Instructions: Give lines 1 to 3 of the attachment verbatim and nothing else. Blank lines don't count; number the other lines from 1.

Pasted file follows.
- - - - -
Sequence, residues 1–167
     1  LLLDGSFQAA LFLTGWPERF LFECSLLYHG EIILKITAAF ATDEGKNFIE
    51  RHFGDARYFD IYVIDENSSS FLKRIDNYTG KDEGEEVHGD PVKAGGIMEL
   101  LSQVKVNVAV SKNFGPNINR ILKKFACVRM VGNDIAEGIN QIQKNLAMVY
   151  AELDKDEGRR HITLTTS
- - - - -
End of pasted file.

Sequence, residues 1–167
     1  LLLDGSFQAA LFLTGWPERF LFECSLLYHG EIILKITAAF ATDEGKNFIE
    51  RHFGDARYFD IYVIDENSSS FLKRIDNYTG KDEGEEVHGD PVKAGGIMEL